Obstacles To Living Off The Grid

We’ve done it and survived, here’s a list to think about

We live out on the East Cape on a dirt road and without any tentacles of civilization reaching us. Some things to plan for are power, water, sewage, and garbage disposal.

Water is a huge item; considering that Los Cabos area is pretty much a desert.  All the water is pumped out of a well somewhere near town and brought out via water truck, then pumped into a pila (holding tank) which stores the water.  Our community shares one large pila which is metered to each homes’ personal tinaco (individual tank with a float).  The challenge is getting the water truck to come out. The further you live from other homes or communities, the larger the challenge.  Our water usage costs about $20 to $30 USD monthly; however, our landscaping contains mostly natural desert trees and cacti.  Our neighbors that water often generally use the gray water from sink/shower drainage and the clothes washer.  If you buy a home you may want how old the water pump is. They generally last 15 to 20 years and could run you roughly $200 USD or more to replace. 

Another huge consideration is that this water may not be trustworthy to drink or even brush your teeth with.  Most people bring five gallon bottles of purified water to use for drinking, making ice etc.  We opted for a purification system. It has a three stage process consisting of particulate, carbon filters and UV light. It purifies all the water used throughout the house.  There are a few major companies which cater to single family home usage. The Pelican we selected has a lifetime warranty.  The cost was $1500 USD with the necessary filters.  The UV light is changed annually. To me it was well worth the money for purified water.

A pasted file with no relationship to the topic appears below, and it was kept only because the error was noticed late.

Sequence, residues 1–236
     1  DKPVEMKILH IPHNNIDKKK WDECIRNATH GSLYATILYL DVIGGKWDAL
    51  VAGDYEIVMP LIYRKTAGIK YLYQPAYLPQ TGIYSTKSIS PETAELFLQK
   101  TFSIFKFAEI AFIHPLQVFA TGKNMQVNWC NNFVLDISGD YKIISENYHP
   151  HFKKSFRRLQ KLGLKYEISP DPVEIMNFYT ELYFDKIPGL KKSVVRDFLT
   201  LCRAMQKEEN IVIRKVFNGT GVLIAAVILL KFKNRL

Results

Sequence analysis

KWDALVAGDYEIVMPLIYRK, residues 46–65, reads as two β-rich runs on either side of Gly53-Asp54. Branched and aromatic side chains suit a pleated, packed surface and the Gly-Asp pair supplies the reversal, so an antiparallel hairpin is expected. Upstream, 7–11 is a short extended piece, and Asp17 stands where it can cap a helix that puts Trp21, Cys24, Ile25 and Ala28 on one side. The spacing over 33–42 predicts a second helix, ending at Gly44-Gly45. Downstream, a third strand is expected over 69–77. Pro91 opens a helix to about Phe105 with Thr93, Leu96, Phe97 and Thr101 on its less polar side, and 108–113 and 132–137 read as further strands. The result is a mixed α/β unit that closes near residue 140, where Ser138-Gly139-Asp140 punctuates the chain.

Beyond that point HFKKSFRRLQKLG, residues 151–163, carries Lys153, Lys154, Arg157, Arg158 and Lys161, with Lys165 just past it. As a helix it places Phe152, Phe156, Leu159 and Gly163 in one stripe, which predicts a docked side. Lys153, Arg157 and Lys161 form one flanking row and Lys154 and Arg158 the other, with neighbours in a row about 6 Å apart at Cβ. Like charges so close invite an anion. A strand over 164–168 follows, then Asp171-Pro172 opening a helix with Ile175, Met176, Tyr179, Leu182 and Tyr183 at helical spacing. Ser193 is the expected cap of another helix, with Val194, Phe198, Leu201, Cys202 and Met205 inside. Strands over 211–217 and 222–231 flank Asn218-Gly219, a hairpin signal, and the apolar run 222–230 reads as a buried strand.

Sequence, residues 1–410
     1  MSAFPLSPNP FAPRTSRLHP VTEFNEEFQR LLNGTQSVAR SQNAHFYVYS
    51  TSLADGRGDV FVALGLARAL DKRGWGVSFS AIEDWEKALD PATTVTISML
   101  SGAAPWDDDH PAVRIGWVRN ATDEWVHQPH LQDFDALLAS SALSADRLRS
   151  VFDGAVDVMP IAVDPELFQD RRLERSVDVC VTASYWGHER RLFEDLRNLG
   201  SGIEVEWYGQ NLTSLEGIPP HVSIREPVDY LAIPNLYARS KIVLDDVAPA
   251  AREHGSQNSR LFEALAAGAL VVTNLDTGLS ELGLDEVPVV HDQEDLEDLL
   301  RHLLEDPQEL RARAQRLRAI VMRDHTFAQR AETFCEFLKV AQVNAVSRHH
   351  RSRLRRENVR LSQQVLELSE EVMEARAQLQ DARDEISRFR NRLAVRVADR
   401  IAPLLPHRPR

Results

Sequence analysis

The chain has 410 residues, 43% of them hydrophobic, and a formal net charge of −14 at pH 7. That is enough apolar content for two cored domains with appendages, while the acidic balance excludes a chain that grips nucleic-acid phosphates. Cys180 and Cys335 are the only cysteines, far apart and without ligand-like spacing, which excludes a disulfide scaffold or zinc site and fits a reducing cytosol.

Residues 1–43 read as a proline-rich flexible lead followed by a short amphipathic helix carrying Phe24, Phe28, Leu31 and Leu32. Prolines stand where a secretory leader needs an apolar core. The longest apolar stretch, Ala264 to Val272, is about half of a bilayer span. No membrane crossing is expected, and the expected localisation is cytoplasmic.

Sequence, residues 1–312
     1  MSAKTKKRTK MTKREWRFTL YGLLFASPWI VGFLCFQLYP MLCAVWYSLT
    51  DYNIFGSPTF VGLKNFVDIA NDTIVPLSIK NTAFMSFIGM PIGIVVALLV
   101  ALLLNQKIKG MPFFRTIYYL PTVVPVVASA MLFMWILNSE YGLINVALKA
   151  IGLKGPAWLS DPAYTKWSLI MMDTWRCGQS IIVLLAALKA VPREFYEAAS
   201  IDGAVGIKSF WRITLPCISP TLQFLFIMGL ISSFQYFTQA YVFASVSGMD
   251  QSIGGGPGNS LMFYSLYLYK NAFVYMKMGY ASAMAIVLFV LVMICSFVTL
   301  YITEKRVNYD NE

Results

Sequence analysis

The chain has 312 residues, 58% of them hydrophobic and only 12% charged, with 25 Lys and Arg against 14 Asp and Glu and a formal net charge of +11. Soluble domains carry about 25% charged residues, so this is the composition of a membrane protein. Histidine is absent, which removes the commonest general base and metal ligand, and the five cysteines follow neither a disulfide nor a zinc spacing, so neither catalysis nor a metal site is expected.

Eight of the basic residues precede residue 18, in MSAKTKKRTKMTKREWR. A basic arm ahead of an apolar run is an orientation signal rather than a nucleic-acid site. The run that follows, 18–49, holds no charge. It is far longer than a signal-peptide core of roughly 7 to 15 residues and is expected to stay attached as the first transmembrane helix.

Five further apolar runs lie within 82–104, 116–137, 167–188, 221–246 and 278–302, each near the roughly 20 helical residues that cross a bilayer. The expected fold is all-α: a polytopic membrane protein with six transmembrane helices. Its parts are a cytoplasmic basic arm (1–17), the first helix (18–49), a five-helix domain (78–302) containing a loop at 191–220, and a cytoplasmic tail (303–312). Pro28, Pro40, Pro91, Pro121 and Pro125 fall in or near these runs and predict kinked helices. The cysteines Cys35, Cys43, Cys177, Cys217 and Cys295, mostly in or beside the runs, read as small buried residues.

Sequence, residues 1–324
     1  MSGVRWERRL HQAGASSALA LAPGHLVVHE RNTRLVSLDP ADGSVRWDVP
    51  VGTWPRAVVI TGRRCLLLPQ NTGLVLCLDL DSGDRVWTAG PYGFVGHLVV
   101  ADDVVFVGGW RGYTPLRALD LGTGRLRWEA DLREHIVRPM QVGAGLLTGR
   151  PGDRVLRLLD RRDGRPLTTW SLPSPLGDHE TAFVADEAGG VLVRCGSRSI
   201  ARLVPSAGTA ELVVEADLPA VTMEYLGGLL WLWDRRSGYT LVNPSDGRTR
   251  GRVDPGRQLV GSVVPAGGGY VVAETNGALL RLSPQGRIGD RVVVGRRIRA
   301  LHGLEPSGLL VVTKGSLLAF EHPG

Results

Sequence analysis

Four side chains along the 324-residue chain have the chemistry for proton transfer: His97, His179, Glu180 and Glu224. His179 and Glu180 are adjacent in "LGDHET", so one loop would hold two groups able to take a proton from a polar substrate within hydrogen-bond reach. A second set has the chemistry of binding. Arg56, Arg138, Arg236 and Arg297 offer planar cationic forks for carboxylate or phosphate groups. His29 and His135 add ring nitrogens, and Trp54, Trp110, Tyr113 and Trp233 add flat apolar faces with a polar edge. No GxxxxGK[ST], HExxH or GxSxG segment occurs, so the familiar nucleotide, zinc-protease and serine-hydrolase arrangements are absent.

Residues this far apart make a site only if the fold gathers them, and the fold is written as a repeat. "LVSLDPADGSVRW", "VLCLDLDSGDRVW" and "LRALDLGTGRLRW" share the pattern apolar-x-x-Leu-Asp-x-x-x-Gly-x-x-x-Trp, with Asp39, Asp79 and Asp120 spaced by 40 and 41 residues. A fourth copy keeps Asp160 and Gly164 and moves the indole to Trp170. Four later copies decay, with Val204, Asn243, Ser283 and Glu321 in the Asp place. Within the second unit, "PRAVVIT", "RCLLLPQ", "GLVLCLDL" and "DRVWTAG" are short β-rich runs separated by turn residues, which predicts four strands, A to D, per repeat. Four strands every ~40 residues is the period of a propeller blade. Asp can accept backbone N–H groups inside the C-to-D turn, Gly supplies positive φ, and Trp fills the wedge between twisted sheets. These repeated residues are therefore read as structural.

For the disposal of the privy waste probably most of you are familiar with a septic tank system.  They do the job very well usually. 

The gray water from sinks and shower are usually spread out under the ground into the dirt and sometimes landscaping.  The challenge here is knowing what was used and how large the pipes are.  Often roots can clog the pipes. If you buy a house it is wise not to plant trees over the leach lines so knowing where they are is very important. 

The other important water item is to make sure the vents are connected and working properly (air vents sometimes on the roof or around the base of the house) if they do not, the drains won’t work as well.  Some of the houses in the area do run the gray water out into the landscaping for watering purposes.  And there are capture systems you can use to spot water your yard.

Garbage can be a real issue out in the rough. There are no garbage collection trucks except in some of the larger towns.  There are dumps in most of the large towns (San Jose del Cabo; La Ribera) and they do not charge you got delivering your garbage.  However; depending on where you live it may not be very convenient to load up your garbage and take it to the dump.  For the most part the Mexican residents burn their garbage, plastic and all (It sets up quite a stink).  Most of the glass the dumps recycle; but the plastic normally they do not.  Often there are enterprising locals who make some revenue by taking people’s garbage to the dump for them.  They charge about 100 pesos a bag (large bag) and usually have plenty of eager takers.  The other option is to network with the neighbors and take turns traveling to the dump. 

Many of the homes have a composter out back which is a large aired bin with a lid to fill with degradable waste such as produce; food scraps; and egg shells.  It is a good way to dispose of the waste and make rich fresh soil for the garden and planting.  A good composter varies in price and quality from $50 upwards $500.  The down side is the unit will attract scorpions that love the dark cool hiding spot.  Hey, living out here is not for sissies!